Having spent a bit of time digging through the history of Alice’s cottage, I was reminded of the scene where Brian panicked seeing Chris among the assembled nobs (other spellings are available) at the Boxing Day shoot, only to be brought up short when he found him in conversation with Lord Elbury - or as Chris knew him, Donald.
Delicious as the scene was, it just occurred to me that Lord E commented on Brian’s smart move at getting a farrier in the family. Why? I don’t think Brian has ever hunted - or ridden at all, for that matter. Lilian borrows a horse whenever she gets bored. I can’t think of any Home Farm / BL equestrian activities. When would Brian ever need a farrier?
Alice and Debbie both had horses; Debbie’s goes on and on, like Bartleby, and she still goes riding on him when she comes home from Hungary for a two-day quarrel with Adam or Brian about something. He must be fairly ancient by now. Ippy? Something like that.
Fair enough, but aren’t they more likely to be kept at the Stables, if their ostensible owners aren’t around to do the routine maintenance? If they’re at HF, why does Lilian always have to go to Shula?
I have always assumed that they were kept at the Stables; otherwise Tolly (that was the name of Debbie’s horse; Ippy was someone else’s) would have died long since of fatty degeneration of the heart or sheer lack of exercise.
Thinking of improbable equines, with all those ponies at Chateau Sniff, won’t Lynda have trouble when they start producing pollen?
Have you been reading The Tough Guide to FantasyLand?
Do ponies produce pollen?
Chris is not only a farrier, but a Blacksmith, and therefore able to knock up a pair of handcuffs or a chastity belt at a moments notice.
Do ponies produce pollen?
These might! I’ll let Chris explain - I believe he wrote the entry in question
No, no, Diana wrote it herself; I merely laughed like a drain.
You should also remember that in The Tough Guide to Fantasyland, Ecology and Economy are the entries one after the other, and are similarly and irreverently treated.
The entry on Horses reads:
Horses are of a breed unique to Fantasyland. They are capable of galloping full-tilt all day without a rest. Sometimes they do not require food or water. They never cast shoes, go lame,or put their hooves down holes, except when the Management deems it necessary, as when the forces of the Dark Lord are only half an hour behind. They never otherwise stumble. Nor do they ever make life difficult for Tourists by biting or kicking their riders or one another. They never resist being mounted or blow out so that their girths slip, or do any of the other things which make horses so chancy in this world, For instance, they never shy and seldom whinny or demand sugar at inopportune moments. But for some reason you cannot hold a conversation while riding them. If you want to say anything to another Tourist (or vice versa) both of you will have to rein to a stop and stand staring out over a Valley while you talk. Apart from this inexplicable quirk, Horses can be used just like bicycles, and usually are. Much research into how these exemplary animals come to exist has resulted in the following: no mare ever comes into season on the Tour and no Stallion ever shows any interest in a mare; and few Horses are described as geldings. It therefore seems probable that they breed by pollination. This theory seems to account for everything, since it is clear that the creatures do behave more like vegetables than mammals. It also explains why the Anglo-Saxon Cossacks and the Desert Nomads appear to have a monopoly on horse-breeding. They alone know how to pollinate them.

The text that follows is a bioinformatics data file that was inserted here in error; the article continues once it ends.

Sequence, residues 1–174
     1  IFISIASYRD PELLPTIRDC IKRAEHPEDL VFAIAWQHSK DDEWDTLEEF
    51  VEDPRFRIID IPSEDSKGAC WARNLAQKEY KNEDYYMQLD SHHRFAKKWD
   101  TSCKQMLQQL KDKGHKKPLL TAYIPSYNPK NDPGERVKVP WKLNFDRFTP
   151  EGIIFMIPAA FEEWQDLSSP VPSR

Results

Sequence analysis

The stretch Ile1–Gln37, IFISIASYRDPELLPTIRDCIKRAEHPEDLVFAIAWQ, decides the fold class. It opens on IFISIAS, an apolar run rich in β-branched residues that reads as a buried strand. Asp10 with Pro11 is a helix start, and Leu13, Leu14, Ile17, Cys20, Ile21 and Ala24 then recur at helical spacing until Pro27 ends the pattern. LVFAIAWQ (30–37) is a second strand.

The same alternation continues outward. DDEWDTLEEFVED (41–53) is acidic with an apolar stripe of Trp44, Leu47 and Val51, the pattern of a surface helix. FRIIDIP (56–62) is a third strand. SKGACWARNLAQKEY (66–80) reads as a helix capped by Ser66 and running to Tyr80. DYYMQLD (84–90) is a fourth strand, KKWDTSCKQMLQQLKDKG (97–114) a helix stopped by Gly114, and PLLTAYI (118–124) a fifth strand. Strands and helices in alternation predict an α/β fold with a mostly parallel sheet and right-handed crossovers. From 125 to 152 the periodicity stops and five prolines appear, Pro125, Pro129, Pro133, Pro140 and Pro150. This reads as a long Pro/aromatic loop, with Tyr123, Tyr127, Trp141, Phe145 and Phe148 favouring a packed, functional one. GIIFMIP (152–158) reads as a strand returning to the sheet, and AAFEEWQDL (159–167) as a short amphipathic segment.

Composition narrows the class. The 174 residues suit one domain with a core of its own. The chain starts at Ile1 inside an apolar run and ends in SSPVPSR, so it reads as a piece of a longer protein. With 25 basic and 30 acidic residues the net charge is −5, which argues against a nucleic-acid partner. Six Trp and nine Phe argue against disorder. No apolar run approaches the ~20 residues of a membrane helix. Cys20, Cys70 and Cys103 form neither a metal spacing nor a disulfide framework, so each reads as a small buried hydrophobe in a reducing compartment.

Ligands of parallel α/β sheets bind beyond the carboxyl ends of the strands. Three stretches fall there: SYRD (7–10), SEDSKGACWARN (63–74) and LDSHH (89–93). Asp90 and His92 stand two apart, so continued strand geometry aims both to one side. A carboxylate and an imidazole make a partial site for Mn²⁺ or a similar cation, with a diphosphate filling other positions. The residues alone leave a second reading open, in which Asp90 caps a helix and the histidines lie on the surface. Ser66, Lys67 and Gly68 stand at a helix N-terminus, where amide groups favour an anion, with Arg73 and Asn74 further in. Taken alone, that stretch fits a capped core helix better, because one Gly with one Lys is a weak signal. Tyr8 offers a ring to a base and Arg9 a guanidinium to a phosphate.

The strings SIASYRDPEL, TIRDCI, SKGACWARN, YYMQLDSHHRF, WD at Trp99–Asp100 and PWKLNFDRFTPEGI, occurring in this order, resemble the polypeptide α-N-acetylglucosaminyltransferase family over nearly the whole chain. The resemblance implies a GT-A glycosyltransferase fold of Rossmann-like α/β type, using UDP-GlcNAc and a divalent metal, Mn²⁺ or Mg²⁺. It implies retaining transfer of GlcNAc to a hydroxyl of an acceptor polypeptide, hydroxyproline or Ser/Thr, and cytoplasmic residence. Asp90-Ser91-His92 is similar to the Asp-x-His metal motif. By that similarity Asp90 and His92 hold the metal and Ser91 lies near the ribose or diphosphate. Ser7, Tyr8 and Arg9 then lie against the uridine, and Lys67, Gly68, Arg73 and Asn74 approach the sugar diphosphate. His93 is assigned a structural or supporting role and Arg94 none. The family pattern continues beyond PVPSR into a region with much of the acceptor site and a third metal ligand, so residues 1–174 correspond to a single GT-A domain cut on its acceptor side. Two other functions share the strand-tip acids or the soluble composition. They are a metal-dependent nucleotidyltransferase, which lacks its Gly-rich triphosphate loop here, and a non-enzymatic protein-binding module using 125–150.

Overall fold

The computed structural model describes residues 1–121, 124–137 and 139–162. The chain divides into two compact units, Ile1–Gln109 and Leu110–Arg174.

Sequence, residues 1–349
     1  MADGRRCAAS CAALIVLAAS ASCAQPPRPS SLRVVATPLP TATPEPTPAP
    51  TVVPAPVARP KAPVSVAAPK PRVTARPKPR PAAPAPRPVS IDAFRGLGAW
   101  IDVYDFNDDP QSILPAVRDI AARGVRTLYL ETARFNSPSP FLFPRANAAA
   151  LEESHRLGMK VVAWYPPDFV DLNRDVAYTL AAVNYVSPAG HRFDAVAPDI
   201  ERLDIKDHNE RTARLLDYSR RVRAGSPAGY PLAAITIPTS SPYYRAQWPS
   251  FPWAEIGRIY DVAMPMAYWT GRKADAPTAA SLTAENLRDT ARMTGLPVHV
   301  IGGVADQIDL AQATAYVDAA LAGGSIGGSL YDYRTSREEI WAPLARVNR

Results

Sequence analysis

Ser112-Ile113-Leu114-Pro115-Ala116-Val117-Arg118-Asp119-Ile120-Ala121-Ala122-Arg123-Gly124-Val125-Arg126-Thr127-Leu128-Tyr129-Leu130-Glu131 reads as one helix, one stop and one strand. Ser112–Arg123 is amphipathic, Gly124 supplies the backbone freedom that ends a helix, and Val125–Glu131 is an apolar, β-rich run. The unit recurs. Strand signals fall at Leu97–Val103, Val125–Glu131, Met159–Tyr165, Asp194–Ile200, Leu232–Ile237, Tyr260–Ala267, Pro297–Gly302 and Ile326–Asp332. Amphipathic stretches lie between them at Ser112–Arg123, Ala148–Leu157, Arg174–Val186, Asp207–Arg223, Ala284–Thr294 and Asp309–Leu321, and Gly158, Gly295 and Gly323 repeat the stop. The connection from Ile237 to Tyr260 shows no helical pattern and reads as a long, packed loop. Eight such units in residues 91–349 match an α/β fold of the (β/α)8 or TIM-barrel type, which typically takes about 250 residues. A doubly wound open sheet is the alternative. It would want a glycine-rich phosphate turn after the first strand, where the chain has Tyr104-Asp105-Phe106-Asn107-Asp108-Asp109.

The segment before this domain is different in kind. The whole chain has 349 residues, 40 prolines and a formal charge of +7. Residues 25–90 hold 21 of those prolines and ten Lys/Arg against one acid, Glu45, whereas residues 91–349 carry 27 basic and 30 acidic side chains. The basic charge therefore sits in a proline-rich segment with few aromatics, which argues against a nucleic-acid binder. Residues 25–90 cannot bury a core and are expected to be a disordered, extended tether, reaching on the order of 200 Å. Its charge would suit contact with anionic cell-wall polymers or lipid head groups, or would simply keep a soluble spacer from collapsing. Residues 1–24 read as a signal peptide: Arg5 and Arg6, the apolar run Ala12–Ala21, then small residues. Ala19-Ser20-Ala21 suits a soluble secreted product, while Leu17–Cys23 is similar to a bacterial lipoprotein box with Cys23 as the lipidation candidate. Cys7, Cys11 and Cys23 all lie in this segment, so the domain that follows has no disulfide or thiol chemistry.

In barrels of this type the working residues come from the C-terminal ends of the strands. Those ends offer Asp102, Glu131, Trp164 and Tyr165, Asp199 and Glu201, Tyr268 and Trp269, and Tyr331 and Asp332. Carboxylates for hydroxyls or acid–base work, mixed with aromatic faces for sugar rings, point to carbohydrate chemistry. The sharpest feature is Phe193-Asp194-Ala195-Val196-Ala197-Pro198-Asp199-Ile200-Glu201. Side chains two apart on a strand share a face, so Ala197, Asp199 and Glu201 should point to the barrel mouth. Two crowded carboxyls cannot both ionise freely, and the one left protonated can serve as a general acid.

See also Horse-Breeding.
Bold type signifies the title of an entry in the book.
I have the permission of Diana Wynne Jones to quote anything of hers that I want to; and if her executors want to make difficulty about it, I know where you live, Mickey.
And because I can, I shall also give you the chapter header for H:
Hard on your port a bit
Down on your right a bit
That’s how to make a hit
Down with the rest of it.
(Barbary Viking Song [footnote])
[footnote] The Management regrets that it was unable to find a Gnomic Utterance that was sufficiently irrelevant. It was forced to resort to doggerel instead.
To maintain Peggy’s corset and rasp her toe nails while he’s there?
Only when they fart. That’s why they should be kept off the clover. Or on, if the object of the exercise is to distract Lyndee from whatever the Grundys are up to.
How very true that is
The pollination theory is also dangerously plausible.
Is Lilian one of his customers? For the handcuffs I mean.